The term "neutral waters" refers to water bodies that are outside the borders of states. These can be oceans, seas, rivers, lakes, underground waters and even swamps.
Seas and oceans outside the territory of countries are also called the "open sea". Ships that sail in neutral waters fall under the laws of the country whose flag is installed on them. If the ship is involved in criminal activities, such as piracy, then any country can intervene and exercise jurisdiction.
Where did the concept of "neutral waters" come from?
From a legal point of view, the concept of "neutral waters" owes its appearance to the Dutch lawyer Grotius. In 1609, his work was published under the title "Free Sea". When, in the early 17th century, several countries, including Portugal and Spain, began to claim complete control over all seas and oceans, the Dutch rebelled, as this would cut off their ability to trade with many foreign ports.
Grotius, a pioneer in international law, defended the right to navigate the high seas. He insisted that the territory of the seas was free for everyone, and that ships could sail freely from one port to another.
In his statements, Grotius relied on Roman law and customs of maritime navigation in Asia and Africa.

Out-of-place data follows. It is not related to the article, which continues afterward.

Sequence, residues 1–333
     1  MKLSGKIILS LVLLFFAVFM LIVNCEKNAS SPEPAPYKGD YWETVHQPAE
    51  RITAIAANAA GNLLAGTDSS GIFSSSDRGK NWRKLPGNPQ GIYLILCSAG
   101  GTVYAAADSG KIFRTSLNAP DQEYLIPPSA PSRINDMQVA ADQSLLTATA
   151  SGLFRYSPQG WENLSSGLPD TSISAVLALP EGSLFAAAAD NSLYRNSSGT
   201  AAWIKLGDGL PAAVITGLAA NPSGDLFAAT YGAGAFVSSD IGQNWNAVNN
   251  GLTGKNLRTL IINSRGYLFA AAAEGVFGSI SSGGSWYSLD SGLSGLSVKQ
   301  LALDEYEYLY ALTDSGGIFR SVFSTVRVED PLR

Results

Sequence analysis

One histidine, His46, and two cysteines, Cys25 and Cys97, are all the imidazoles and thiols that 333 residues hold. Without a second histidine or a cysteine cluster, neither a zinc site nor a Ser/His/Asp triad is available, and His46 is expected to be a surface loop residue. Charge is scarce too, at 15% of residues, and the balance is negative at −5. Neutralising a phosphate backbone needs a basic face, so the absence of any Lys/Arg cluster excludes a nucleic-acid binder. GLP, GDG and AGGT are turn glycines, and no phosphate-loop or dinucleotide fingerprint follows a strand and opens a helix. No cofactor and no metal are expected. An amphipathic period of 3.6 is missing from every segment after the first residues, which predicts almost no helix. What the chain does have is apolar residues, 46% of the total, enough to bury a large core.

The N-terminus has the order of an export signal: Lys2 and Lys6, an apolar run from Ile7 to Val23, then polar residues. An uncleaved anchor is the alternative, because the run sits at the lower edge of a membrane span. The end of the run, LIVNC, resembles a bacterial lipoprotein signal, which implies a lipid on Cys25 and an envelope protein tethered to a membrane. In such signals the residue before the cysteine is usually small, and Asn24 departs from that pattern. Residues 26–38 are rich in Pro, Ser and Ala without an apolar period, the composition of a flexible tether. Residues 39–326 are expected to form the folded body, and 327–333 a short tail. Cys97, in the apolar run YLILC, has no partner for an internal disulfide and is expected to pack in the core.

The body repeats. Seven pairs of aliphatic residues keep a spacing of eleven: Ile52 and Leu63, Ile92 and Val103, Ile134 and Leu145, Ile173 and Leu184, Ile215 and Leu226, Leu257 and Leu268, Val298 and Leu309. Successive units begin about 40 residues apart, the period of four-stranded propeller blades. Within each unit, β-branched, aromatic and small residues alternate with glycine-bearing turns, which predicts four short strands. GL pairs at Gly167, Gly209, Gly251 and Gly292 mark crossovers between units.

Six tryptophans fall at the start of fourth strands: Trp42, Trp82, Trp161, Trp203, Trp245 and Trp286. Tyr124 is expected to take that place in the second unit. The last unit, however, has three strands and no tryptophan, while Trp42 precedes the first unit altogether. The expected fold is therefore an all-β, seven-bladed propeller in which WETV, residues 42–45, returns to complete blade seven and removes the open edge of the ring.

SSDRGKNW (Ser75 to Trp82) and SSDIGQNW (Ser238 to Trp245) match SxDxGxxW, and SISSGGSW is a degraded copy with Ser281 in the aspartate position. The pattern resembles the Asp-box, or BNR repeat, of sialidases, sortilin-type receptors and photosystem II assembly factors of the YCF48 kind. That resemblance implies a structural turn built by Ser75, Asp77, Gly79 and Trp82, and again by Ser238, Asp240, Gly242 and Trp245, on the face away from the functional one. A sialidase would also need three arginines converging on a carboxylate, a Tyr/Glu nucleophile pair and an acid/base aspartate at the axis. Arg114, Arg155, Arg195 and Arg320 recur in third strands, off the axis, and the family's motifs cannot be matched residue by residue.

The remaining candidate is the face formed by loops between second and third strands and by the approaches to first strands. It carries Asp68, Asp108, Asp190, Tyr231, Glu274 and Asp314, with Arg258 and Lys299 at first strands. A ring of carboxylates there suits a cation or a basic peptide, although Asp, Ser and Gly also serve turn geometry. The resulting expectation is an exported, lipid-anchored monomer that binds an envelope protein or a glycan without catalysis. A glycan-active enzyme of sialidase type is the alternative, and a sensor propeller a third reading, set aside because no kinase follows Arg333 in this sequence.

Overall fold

The boundaries of the high seas
The idea that freedom of movement on the seas should extend to the coastline never materialized. The question of how far the inland waters should extend has caused a lot of controversy. The danger of smuggling and military attacks prompted countries bordering the seas and oceans to demand the right to the waters located on their shores.
At the beginning of the 18th century, the country's internal waters were considered to be a distance equal to three miles. It was the distance of the cannonball.
In 1982, the UN Convention on the Law of the Sea was adopted - a document that confirms the present state of affairs. According to this convention, each country itself determines the width of inland waters. Most countries have expanded this territory to 12 miles (22.2 km). It is usually called the "adjacent zone". About 30 states have retained the same width of 3 miles.
The convention also provides for the possibility of a right to an exclusive economic zone. It is a 200-mile (370.4 km) maritime area within which the coastal state can conduct exploration and have access to the use of marine resources. At the same time, vessels of other states can float freely inside such territory. Not all countries claim the exclusive economic zone.
There is also the concept of "contiguous zone". Its width is 24 miles (44.4 km). Within this zone, the state has the right to stop the ship and arrange an inspection, as well as exercise jurisdiction if necessary, that is, if the laws of this country are violated. The bodies of water that are beyond all of the aforementioned boundaries are considered the "open sea". They are also called "neutral waters".